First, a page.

blogdowntown 89.3 KPCC | Southern California Public Radio

Stay Connected

@blogdowntown on Twitter
blogdowntown on Facebook


Downtown's Churches: First Congregational

By Eric Richardson
Published: Friday, July 11, 2008, at 06:34AM
First Congregational Church California Historical Society: TICOR/Pierce []

The church was on Hope between 8th and 9th from 1903 - 1932.

First Congregational Church has been located west of Downtown at 6th and Commonwealth since 1932. That sort of stability hides the fact that the church was once a prolific site-hopper. Between 1867 and 1902, the congregation dedicated four new buildings, occupying sites on New High, 3rd, 6th and Hope.

The congregation built its first building on New High, north of Temple. It bought the lot in May of 1867 and held its first service in the small building on November 29th of that year.

It wasn't long before the growing congregation needed a bigger home, and a new structure at 3rd & Hill was opened on April 29th, 1883. It was in the Gothic architectural style, and had seating for 425.

Only five years later the body sold that site, meeting in a temporary location before dedicating their new home on the southwest corner of 6th & Hill on November 13, 1889. This building was of Renaissance architecture, and had seating for 1200.

Again the church got the itch to move, and in November of 1901 it sold the 6th & Hill site to Judge Charles Silent for $77,500. That same month it bought two lots on the west side of Hope, between 8th and 9th. The Times noted that the site was within one block of eight other churches, and across the street from the Jewish temple B'nai B'rith.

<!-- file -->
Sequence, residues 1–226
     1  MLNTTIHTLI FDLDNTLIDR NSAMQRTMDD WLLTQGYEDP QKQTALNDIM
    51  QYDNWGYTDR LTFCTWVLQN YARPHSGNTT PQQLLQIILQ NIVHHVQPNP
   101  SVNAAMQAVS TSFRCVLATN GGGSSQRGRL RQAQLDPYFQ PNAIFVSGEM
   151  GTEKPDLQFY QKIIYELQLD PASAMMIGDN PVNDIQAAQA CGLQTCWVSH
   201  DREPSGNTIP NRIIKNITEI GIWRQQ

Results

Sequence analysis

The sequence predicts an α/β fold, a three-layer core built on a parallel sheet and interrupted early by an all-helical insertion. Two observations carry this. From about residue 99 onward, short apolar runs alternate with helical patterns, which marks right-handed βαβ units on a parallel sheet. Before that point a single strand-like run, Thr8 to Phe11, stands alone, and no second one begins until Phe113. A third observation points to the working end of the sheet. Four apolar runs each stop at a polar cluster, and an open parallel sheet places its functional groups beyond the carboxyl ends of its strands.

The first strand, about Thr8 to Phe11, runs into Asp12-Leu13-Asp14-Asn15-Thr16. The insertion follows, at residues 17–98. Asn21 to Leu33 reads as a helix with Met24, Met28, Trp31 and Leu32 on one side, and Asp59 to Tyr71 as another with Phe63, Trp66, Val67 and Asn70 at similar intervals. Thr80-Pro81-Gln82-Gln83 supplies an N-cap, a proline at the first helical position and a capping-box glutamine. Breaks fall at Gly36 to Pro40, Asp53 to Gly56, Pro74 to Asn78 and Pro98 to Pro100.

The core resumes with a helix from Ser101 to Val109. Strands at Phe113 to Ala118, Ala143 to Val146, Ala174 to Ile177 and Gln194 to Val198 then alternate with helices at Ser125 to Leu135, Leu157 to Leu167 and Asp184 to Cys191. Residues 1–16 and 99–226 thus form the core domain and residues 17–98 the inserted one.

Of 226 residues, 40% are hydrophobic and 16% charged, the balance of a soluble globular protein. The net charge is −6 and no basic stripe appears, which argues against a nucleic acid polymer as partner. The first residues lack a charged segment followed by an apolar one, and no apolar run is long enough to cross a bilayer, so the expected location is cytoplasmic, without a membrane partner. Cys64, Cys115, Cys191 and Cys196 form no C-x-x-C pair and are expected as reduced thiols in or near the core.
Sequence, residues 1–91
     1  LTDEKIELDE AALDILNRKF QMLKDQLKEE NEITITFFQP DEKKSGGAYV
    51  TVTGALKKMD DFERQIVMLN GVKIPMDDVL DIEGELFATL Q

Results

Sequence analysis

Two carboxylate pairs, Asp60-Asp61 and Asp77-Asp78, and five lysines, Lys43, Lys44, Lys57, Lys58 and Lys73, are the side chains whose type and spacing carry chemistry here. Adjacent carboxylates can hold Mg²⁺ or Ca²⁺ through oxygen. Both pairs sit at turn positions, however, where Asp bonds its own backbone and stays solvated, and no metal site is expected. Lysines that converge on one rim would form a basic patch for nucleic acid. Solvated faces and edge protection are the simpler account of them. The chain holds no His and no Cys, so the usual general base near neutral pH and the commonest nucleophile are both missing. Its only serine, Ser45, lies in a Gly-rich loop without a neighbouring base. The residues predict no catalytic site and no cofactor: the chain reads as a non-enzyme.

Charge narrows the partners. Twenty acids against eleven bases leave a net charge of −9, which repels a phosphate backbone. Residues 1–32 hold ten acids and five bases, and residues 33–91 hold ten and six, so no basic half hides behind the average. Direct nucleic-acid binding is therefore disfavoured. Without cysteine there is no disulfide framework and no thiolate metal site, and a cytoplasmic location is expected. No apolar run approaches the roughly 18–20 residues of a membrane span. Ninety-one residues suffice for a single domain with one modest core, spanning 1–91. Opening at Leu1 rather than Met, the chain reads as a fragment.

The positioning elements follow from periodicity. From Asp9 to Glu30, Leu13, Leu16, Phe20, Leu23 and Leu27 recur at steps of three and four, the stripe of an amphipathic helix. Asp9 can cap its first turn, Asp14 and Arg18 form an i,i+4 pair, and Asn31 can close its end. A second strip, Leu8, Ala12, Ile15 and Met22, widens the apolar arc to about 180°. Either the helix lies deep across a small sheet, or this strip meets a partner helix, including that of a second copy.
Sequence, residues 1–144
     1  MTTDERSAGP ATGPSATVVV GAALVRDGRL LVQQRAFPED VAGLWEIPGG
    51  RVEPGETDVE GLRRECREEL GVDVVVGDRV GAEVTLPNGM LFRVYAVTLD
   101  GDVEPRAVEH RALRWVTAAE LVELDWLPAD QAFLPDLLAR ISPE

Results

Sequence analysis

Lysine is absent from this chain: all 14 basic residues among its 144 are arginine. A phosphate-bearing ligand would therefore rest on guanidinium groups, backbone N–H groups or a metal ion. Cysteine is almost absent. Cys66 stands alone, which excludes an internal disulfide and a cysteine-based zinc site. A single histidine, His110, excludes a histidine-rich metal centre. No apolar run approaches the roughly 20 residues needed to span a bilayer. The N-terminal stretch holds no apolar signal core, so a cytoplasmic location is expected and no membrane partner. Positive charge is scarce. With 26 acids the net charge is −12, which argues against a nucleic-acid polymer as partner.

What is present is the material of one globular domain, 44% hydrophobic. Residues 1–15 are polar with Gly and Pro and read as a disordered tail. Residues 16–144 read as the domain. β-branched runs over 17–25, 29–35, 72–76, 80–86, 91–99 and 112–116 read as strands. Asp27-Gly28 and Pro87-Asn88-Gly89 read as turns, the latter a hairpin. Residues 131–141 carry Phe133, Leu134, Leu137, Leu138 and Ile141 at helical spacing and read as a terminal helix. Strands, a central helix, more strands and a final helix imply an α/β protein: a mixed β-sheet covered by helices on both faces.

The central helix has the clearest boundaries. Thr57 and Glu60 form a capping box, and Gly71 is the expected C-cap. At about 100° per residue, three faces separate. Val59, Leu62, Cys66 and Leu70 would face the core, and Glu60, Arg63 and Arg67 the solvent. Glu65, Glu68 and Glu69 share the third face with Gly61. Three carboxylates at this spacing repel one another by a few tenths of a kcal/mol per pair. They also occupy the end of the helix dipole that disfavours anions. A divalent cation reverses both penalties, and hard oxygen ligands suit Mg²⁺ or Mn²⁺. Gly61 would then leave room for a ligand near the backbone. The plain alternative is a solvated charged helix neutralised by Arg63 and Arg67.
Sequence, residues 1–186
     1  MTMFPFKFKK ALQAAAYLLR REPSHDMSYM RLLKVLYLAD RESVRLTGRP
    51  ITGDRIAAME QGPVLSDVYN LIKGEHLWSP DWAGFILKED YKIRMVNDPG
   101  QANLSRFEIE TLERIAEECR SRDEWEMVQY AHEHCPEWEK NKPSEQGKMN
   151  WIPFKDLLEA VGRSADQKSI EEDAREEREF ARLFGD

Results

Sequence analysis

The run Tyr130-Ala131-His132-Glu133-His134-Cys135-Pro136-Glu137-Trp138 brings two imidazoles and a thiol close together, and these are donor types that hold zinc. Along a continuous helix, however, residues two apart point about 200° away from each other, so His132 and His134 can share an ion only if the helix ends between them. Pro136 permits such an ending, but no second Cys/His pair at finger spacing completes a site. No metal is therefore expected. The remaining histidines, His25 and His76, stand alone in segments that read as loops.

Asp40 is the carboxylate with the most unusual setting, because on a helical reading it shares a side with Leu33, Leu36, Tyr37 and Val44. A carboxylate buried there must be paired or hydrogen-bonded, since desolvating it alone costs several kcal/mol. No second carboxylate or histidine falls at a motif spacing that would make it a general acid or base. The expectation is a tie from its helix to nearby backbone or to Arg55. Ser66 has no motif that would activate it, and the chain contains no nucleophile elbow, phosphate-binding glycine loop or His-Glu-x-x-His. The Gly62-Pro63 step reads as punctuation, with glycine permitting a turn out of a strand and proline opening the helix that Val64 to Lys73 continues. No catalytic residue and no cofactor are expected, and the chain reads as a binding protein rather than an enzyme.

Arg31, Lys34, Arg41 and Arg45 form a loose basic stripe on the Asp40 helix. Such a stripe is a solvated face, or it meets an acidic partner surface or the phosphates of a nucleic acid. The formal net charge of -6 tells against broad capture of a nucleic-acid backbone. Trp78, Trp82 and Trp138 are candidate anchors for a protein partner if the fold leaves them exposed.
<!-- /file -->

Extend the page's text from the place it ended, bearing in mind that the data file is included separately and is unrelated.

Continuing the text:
Plans for the new structure were approved in February of 1902, and the building was finally dedicated on July 19th, 1903. With seating for 1600, it was the largest church in the city at that time.

In October of 1904, the Times noted an interesting potential sale for the body's vacated home at 6th & Hill. The building would be sold to two different congregations, with the Society of Christian Scientists buying the auditorium and the West Adams Methodist Episcopal Church buying the rear sections. Both would move their parts of the split structure to other locations.

On April 11th, 1927, Mrs. Clara R. Shatto donated a $400,000 piece of property to the church. The new site, on 6th at Commonwealth, is the church's current home. The first service in that site was held on March 13th, 1932.

The fate of the Hope street site is unclear, but it did have a briefly interesting moment. In 1945 it was used as offices and rehearsal space for the WPA's Federal Theater Project, bringing vaudeville back to life as employment for actors on the dole.


Tweet This Story || Share on Facebook

Related Topics